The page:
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Ever since I got my “GnomeAcres” yarn a few weeks back, and starting my “Hitchhiker” scarf with “Aurora Gnomealis”, and then proceeded to wind the yarn into a ball I’ve been thinking about getting a ball winder. I’ve been searching the internet what was around, and what was affordable and what they looked like, where they came from and all that jazz – almost as obsessively as I stalk the GnomeAcres website.


None of the local craft stores near me sell anything like it. In fact, they don’t even sell swifts. It’s all about the big commercial yarn – again, something that I’ve been looking into this last few weeks – looking for UK based indie dyers as it’s great to support local businesses [but I am totally going to buy the entire GnomeAcres shop when I win the Lottery]. I like the unique-ness of the indie dyed yarn, and in fact will look into what it will take to dye some of my own and see what happens with that.

Today when I went out and confirmed that no where local sold any hint of a yarn winder I decided that there had to be another way to do it. Something that wouldn’t require expensive, plastic looking equipment – to the point where I was imagining what it would take to engineer one – then realised that I hadn’t tried the one resource that has been a lifesaver in the development of my knitting skills…. YouTube.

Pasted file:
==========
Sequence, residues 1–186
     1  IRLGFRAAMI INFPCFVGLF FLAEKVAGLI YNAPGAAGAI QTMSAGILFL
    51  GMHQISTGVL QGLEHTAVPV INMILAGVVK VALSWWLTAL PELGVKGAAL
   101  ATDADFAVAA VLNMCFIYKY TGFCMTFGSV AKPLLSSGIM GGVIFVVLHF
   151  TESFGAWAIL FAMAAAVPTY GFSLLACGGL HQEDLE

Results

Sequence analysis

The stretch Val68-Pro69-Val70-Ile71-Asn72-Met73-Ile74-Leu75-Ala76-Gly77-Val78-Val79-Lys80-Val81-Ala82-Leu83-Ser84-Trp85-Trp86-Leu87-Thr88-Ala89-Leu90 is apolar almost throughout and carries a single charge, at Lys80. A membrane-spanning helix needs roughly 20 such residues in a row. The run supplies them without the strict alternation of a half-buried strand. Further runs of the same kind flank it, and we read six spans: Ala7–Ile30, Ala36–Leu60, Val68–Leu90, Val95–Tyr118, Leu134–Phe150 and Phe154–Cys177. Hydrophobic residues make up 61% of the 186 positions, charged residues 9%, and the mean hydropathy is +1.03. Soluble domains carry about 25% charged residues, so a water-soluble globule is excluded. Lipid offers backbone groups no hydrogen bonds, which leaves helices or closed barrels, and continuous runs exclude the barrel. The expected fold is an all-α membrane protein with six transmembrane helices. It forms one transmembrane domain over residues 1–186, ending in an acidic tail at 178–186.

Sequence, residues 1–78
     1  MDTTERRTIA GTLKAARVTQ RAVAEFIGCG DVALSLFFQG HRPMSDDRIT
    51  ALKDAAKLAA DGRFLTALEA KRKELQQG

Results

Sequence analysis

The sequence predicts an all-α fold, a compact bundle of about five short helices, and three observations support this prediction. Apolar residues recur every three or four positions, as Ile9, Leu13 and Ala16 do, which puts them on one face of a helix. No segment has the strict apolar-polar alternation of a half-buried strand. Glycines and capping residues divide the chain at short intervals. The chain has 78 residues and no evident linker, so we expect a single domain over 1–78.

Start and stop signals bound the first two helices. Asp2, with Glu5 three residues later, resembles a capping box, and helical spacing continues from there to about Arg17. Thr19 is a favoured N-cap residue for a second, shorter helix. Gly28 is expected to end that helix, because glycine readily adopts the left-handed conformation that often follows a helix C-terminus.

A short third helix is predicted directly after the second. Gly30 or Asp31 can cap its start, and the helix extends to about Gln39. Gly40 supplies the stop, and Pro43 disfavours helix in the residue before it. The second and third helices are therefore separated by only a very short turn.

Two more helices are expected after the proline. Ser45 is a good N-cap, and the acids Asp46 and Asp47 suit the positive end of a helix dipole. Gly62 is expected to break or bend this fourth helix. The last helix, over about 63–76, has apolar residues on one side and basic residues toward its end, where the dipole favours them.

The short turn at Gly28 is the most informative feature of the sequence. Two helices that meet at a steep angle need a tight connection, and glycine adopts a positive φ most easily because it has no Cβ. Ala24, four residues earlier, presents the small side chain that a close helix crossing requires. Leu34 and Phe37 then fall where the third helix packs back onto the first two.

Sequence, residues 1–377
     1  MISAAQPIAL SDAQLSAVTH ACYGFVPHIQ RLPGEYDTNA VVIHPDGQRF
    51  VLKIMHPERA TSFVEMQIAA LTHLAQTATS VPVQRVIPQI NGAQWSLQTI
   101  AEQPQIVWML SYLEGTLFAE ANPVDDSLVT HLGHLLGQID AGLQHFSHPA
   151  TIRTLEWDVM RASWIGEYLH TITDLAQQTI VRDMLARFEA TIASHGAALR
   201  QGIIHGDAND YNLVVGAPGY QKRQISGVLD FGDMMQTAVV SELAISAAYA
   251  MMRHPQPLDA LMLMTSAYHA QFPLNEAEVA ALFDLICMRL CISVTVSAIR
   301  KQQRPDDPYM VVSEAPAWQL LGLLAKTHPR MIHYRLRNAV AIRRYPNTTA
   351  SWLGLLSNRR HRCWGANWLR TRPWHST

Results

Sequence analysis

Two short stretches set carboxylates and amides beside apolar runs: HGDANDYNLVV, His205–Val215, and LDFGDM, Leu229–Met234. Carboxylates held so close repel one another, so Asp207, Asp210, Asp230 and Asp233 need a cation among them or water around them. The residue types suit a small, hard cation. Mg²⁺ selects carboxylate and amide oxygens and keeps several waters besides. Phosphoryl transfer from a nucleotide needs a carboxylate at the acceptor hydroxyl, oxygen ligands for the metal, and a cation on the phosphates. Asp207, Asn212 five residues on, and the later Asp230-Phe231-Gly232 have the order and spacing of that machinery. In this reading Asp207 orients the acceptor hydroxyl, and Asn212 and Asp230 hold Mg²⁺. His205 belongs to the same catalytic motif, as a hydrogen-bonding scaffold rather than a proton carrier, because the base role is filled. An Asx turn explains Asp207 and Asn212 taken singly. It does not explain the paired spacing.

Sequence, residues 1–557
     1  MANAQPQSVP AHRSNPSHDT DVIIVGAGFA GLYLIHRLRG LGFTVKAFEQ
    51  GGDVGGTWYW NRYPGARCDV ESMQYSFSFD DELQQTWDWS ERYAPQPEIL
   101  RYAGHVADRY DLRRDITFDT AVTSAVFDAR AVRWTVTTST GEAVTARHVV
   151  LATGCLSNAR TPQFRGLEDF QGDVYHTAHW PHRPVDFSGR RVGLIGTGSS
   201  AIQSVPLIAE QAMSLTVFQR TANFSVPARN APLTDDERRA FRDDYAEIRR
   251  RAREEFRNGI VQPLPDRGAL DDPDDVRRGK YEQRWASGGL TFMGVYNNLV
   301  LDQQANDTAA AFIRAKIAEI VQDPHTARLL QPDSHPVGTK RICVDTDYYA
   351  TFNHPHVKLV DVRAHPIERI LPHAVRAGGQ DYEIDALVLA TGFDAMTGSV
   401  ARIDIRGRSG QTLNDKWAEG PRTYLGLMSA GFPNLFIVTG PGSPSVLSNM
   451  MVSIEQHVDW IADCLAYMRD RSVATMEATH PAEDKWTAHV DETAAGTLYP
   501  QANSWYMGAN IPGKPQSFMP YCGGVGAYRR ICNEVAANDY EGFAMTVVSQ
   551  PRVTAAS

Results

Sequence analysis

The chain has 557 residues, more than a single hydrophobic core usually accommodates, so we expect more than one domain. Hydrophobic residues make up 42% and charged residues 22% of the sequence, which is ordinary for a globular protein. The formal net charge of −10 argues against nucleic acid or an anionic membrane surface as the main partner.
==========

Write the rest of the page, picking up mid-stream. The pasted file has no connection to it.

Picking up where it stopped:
I figured that there had to be a way to wind a skein/hank of yarn into a ball/cake that I would be able to use, and something that wouldn’t require the fancy equipment that I had originally thought. And there was. All I needed was a toilet roll tube. Classy.

Here is the first one I did, which was the remaining yarn from the last Heliopath Vest I made:

This went well but for one exception; the yarn that I hadn’t yet worked got all tangled, so I had to spend a great deal of time sorting that out. When I weighed it I think there was a little under 100g, which I want to make into one of Sarah Keen’s “Elephant” but I am unsure wether there will be enough as it’s an Aran weight yarn…

I thought I would try again to perfect the skill – which doesn’t take much to be honest. Here are the before and after pictures:


The process is really simple:

  • Take a toilet tube [one devoid of paper…]
  • Drop the working end through the tube with a decent length on it in order to keep the working end away from the cake that will be made
  • Wrap the yarn around the tube a few times to give it a base
  • Start turning the tube and continue wrapping the yarn around the tube until you run out of yarn
  • Tuck the end of the yarn into one or two of the wraps you’ve made so that it’s secured and won’t come loose as you’re knitting from the cake.

I used this video to teach me.

I’m so pleased that I found this today; I would have committed money into getting a yarn winder for no real reason. Of course, I don’t know how this will work out when I need to wind my lace weight Fyberspates yarn, so watch this space to see how that happens!

That’s all for now folks,